SYNOPSIS
use Math::PlanePath::DiamondSpiral;
my $path = Math::PlanePath::DiamondSpiral>new;
my ($x, $y) = $path>n_to_xy (123);
DESCRIPTION
This path makes a diamond shaped spiral.
19 3 / \ 20 9 18 2 / / \ \ 21 10 3 8 17 1 / / / \ \ \ 22 11 4 12 7 16 < Y=0 \ \ \ / / 23 12 56 15 ... 1 \ \ / / 24 1314 27 2 \ / 2526 3 ^ 3 2 1 X=0 1 2 3
This is not simply the "SquareSpiral" rotated, it spirals around faster, with side lengths following a pattern 1,1,1,1, 2,2,2,2, 3,3,3,3, etc, if the flat kink at the bottom (like N=13 to N=14) is treated as part of the lower right diagonal.
Going diagonally on the sides as done here is like cutting the corners of the "SquareSpiral", which is how it gets around in fewer steps than the "SquareSpiral". See "PentSpiralSkewed", "HexSpiralSkewed" and "HeptSpiralSkewed" for similar cutting just 3, 2 or 1 of the corners.
N=1,5,13,25,etc on the Y negative axis is the ``centred square numbers'' 2*k*(k+1)+1.
N Start
The default is to number points starting N=1 as shown above. An optional "n_start" can give a different start, with the same shape etc. For example to start at 0,
n_start => 0 18 / \ 19 8 17 / / \ \ 20 9 2 7 16 / / / \ \ \ 21 10 3 0 1 6 15 \ \ \ / / 22 11 4 5 14 ... \ \ / / 23 1213 26 \ / 2425
N=0,1,6,15,28,etc on the X axis is the hexagonal numbers k*(2k1). N=0,3,10,21,36,etc on the negative X axis is the hexagonal numbers of the ``second kind'' k*(2k1) for k<0. Combining those two is the triangular numbers 0,1,3,6,10,15,21,etc, k*(k+1)/2, on the X axis alternately positive and negative.
N=0,2,8,18,etc on the Y axis is 2*squares, 2*Y^2. N=0,4,12,24,etc on the negative Y axis is 2*pronic, 2*Y*(Y+1).
FUNCTIONS
See ``FUNCTIONS'' in Math::PlanePath for behaviour common to all path classes. "$path = Math::PlanePath::DiamondSpiral>new ()"
 "$path = Math::PlanePath::DiamondSpiral>new (n_start => $n)"
 Create and return a new diamond spiral object.
 "($x,$y) = $path>n_to_xy ($n)"

Return the X,Y coordinates of point number $n on the path.
For "$n < 1" the return is an empty list, it being considered the path starts at 1.
 "$n = $path>xy_to_n ($x,$y)"
 Return the point number for coordinates "$x,$y". $x and $y are each rounded to the nearest integer, which has the effect of treating each point in the path as a square of side 1, so the entire plane is covered.
 "($n_lo, $n_hi) = $path>rect_to_n_range ($x1,$y1, $x2,$y2)"
 The returned range is exact, meaning $n_lo and $n_hi are the smallest and biggest in the rectangle.
FORMULAS
Rectangle to N Range
Within each row N increases as X moves away from the Y axis, and within each column similarly N increases as Y moves away from the X axis. So in a rectangle the maximum N is at one of the four corners.
 x1,y2 MM x2,y2    O       x1,y1 MM x1,y1 
For any two columns x1 and x2 with x1<x2, the values in column x2 are all bigger if x2>x1. This is so even when x1 and x2 are on the same side of the origin, ie. both positive or both negative.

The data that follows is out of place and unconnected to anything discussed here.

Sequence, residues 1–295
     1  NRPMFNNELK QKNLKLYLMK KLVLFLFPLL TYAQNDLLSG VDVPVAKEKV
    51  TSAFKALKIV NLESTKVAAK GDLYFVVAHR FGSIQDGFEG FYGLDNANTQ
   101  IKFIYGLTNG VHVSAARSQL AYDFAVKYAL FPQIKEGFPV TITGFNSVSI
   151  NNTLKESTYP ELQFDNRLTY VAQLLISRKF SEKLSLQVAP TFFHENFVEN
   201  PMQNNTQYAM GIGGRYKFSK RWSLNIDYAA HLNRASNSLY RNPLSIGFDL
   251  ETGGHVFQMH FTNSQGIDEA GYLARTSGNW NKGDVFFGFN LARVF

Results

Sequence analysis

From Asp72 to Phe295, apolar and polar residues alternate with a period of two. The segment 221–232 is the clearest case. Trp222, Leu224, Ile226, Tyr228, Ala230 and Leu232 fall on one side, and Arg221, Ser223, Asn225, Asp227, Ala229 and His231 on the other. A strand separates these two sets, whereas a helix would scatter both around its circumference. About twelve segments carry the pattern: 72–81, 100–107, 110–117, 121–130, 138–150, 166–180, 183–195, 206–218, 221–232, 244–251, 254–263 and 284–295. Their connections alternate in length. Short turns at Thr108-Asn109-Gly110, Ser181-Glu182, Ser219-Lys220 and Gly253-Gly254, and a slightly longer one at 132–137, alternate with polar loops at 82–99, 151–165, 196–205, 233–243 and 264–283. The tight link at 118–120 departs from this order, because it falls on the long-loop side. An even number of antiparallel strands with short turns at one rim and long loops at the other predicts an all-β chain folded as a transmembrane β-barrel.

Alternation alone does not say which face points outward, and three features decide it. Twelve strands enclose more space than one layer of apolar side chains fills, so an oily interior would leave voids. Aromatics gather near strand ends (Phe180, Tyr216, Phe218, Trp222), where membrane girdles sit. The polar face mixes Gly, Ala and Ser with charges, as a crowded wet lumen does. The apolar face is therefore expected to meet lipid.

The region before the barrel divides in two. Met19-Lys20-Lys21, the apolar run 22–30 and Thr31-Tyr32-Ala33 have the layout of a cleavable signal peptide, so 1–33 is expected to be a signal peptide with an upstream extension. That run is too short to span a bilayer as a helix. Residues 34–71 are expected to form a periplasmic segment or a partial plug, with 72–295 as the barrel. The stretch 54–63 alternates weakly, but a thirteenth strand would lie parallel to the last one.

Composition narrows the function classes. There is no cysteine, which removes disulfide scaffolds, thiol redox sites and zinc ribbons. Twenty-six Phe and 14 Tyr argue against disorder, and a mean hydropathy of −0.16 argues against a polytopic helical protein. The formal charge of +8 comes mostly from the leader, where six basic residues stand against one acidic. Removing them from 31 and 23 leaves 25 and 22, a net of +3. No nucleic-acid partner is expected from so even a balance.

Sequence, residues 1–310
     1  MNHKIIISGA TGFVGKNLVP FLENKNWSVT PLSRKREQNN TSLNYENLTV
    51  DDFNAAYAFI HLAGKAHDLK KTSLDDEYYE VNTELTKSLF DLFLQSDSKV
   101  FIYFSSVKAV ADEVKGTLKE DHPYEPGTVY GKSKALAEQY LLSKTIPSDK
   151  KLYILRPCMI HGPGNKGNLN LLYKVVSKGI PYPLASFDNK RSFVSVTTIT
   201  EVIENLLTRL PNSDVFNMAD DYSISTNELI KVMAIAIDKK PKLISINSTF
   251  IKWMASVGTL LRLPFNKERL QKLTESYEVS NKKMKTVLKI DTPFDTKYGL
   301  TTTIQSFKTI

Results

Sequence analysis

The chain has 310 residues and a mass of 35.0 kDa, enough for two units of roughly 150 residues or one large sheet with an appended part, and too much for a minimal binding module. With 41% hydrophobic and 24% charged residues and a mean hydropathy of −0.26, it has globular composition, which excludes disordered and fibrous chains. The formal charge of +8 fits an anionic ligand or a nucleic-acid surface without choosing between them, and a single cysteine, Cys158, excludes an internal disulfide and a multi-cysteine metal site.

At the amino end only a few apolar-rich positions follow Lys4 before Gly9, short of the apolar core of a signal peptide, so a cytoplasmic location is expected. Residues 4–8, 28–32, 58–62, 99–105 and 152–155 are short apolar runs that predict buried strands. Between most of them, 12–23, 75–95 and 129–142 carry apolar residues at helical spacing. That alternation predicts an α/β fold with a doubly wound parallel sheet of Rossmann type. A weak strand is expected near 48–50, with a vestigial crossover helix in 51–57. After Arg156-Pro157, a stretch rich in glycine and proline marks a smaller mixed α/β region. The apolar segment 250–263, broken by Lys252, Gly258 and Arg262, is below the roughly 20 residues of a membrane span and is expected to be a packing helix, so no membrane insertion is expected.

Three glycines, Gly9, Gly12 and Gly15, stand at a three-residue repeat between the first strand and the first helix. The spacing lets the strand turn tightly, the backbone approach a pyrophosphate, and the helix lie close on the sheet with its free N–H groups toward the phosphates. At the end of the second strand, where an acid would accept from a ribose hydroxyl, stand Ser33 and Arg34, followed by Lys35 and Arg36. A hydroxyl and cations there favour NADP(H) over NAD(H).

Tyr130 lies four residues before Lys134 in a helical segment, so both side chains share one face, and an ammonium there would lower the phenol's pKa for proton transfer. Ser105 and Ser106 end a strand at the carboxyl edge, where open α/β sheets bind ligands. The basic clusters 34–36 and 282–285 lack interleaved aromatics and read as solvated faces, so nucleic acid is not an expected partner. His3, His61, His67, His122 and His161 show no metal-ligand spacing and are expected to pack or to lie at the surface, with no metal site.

For any two rows y1 and y2, the values in the part of the row with X>0 are bigger if y2>=y1, and in the part of the row with X<=0 it's y2>y1, or equivalently y2>=y1+1. So the biggest corner is at
max_x = (x2 > x1 ? x2 : x1) max_y = (y2 >= y1+(max_x<=0) ? y2 : y1)
The minimum is similar but a little simpler. In any column the minimum is at Y=0, and in any row the minimum is at X=0. So at 0,0 if that's in the rectangle, or the edge on the side nearest the origin when not.
min_x = / if x2 < 0 then x2  if x1 > 0 then x1 \ else 0 min_y = / if y2 < 0 then y2  if y1 > 0 then y1 \ else 0
OEIS
Entries in Sloane's Online Encyclopedia of Integer Sequences related to this path include
 <http://oeis.org/A010751> (etc)
n_start=1 A130883 N on X axis, 2*n^2n+1 A058331 N on Y axis, 2*n^2 + 1 A001105 N on column X=1, 2*n^2 A084849 N on X negative axis, 2*n^2+n+1 A001844 N on Y negative axis, centred squares 2*n^2+2n+1 A215471 N with >=5 primes among its 8 neighbours A215468 sum 8 neighbours N A217015 N permutation points order SquareSpiral rotate 90, value DiamondSpiral N at each A217296 inverse permutation n_start=0 A010751 X coordinate, runs 1 inc, 2 dec, 3 inc, etc A053616 abs(Y), runs k to 0 to k A000384 N on X axis, hexagonal numbers A001105 N on Y axis, 2*n^2 (and cf similar A184636) A014105 N on X negative axis, second hexagonals A046092 N on Y negative axis, 2*pronic A003982 delta(abs(X)+abs(Y)), 1 when N on Y negative axis which is where move "outward" to next ring n_start=1 A188551 N positions of turns, from N=1 up A188552 and which are primes
LICENSE
Copyright 2010, 2011, 2012, 2013, 2014, 2015, 2016 Kevin RydeThis file is part of MathPlanePath.
MathPlanePath is free software; you can redistribute it and/or modify it under the terms of the GNU General Public License as published by the Free Software Foundation; either version 3, or (at your option) any later version.
MathPlanePath is distributed in the hope that it will be useful, but WITHOUT ANY WARRANTY; without even the implied warranty of MERCHANTABILITY or FITNESS FOR A PARTICULAR PURPOSE. See the GNU General Public License for more details.
You should have received a copy of the GNU General Public License along with MathPlanePath. If not, see <http://www.gnu.org/licenses/>.